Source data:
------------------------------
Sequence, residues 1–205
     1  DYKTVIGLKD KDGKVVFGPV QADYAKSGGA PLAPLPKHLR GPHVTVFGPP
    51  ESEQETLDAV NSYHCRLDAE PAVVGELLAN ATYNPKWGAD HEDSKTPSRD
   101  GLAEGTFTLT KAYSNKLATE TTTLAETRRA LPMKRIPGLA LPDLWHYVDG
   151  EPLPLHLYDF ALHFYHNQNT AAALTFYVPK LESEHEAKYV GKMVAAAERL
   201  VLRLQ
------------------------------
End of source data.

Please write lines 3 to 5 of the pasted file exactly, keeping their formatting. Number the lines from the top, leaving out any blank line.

    51  ESEQETLDAV NSYHCRLDAE PAVVGELLAN ATYNPKWGAD HEDSKTPSRD
   101  GLAEGTFTLT KAYSNKLATE TTTLAETRRA LPMKRIPGLA LPDLWHYVDG
   151  EPLPLHLYDF ALHFYHNQNT AAALTFYVPK LESEHEAKYV GKMVAAAERL